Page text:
“But the hour is coming, and now is, when the true worshipers will worship the Father in spirit and truth; for the Father is seeking such to worship Him. God is Spirit, and those who worship Him must worship in spirit and truth.” – John 4:23-24
In a recent interview with the Christian Post, In Christ Alone writer Keith Getty claimed that much of the modern worship movement concentrates more on soliciting emotions rather than focusing on right biblical doctrine.
“I believe that the modern worship movement is a movement for cultural relevance,” Getty said. “It’s a de-Christianizing of God’s people. It’s utterly dangerous. I have no quibbles saying, ‘Enough is enough.’ This can’t happen to build an authentic generation.”
Getty and his wife, Kristyn, want to create music that is immune to the dependence on cultural trends. They want their timeless hymns to be sung by Christians for years to come.
They wholeheartedly believe that many modern worship songs are only relevant for a short time because they emphasize emotion rather than truth.
“At the end of the day, a song you sing for 50 years is more valuable than one you sing for 50 months,” Getty emphasized. “This idea that Christianity is cool or easy is not biblical. It’s a misnomer for our generation. Through music, we want to build deep believers who know and love Christ.”
During his conversation with the Samaritan woman he met at the well, Jesus explained that the location—as well as the means—of worship is not what’s most important. Jesus emphasized how followers of God are to worship “in spirit and truth.”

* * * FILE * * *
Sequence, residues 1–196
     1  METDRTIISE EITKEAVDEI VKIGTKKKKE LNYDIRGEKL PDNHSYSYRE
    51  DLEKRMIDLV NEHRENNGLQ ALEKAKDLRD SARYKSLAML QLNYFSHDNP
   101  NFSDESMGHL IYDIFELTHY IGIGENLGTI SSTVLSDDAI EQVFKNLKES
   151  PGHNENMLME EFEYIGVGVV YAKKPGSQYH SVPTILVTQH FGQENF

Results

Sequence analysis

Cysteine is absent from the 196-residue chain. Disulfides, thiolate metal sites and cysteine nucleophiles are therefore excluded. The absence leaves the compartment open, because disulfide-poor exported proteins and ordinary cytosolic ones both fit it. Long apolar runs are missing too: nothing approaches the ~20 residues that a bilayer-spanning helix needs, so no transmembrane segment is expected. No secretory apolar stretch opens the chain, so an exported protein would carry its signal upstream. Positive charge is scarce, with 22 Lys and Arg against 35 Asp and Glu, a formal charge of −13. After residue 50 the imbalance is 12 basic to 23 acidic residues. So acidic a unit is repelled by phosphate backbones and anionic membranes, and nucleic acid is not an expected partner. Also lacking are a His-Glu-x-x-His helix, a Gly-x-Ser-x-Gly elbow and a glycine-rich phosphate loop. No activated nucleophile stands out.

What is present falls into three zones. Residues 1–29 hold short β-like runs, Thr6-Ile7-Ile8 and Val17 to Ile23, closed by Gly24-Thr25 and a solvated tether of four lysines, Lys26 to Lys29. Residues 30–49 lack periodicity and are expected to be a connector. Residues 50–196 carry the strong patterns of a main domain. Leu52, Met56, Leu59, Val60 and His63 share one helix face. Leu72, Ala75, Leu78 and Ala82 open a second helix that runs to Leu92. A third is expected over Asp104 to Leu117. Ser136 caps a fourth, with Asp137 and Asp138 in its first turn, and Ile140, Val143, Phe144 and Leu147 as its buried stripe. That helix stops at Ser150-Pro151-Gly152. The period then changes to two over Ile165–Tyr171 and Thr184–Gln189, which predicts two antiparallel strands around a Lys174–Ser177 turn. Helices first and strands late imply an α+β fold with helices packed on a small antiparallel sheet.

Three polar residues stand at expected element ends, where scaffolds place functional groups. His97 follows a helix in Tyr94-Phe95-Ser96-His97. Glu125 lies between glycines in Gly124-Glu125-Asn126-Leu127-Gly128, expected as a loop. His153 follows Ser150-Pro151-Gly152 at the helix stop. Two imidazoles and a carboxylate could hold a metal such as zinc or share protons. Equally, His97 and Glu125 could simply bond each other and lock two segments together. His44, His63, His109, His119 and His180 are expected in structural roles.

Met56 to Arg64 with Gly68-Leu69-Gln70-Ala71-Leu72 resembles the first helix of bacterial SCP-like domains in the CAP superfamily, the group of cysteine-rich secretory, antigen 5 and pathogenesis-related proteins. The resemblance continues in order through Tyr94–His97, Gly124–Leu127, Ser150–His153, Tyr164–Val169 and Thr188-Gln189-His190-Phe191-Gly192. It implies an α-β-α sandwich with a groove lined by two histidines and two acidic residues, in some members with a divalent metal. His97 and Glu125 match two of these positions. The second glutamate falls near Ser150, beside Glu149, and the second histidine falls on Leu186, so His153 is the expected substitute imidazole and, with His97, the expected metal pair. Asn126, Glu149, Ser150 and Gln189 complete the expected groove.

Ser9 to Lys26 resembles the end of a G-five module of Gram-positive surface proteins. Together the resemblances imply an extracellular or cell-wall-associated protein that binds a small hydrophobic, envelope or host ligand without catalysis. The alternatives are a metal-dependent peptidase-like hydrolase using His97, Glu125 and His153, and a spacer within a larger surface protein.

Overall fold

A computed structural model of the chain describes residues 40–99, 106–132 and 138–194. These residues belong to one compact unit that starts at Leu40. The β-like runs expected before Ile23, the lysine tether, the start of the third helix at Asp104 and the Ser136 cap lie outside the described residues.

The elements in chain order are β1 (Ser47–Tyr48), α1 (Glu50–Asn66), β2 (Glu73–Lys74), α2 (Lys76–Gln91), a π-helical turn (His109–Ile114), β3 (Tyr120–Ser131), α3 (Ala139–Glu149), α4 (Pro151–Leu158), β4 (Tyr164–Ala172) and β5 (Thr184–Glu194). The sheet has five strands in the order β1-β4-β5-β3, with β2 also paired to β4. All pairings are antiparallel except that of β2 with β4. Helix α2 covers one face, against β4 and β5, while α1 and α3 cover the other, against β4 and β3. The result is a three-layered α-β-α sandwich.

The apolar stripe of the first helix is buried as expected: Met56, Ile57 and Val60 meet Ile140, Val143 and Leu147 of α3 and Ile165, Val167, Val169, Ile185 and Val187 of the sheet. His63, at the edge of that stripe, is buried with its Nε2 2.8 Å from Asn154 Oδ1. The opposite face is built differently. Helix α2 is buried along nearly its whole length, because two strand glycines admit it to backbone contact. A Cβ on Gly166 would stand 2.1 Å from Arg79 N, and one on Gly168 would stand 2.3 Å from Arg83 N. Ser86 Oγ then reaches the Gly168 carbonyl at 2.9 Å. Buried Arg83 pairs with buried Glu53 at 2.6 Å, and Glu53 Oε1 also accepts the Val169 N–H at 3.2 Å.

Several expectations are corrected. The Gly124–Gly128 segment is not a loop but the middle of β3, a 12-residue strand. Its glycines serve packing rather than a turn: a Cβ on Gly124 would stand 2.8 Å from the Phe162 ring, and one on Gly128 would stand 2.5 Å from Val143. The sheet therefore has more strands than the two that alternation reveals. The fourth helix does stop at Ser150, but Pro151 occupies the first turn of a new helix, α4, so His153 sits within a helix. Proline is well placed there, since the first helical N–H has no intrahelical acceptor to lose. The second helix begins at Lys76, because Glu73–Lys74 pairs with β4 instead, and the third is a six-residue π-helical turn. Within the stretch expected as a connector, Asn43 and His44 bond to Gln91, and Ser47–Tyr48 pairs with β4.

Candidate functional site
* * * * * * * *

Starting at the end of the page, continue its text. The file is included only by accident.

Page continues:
Worshiping God “in spirit” is not dependent on external things such as lights, elaborate buildings, and high-quality musicians. Although these things aren’t bad in and of themselves, they are secondary.
What Jesus is talking about is internal—the condition of our heart separate from the emotions that modern worship generates. Leaning on a certain culturally relevant style of music while sacrificing scriptural truth runs the risk of losing a generation for Christ.
The terms music and worship are often seen as synonymous when it comes to speaking about church. Although Christians worship God in various ways, the music quite often dominates the church service. Of course, there is nothing inherently wrong with this, unless it teaches poor doctrine.
Music will always change and the church will feel the need to “keep up” in order to reach unbelievers for Christ. But what shouldn’t change is the biblical truth conveyed in modern worship.
If catchy choruses and phenomenal drum solos are valued more than making sure the lyrics aren’t watered down, Christianity is going to look far different from how it does currently–and not for the better.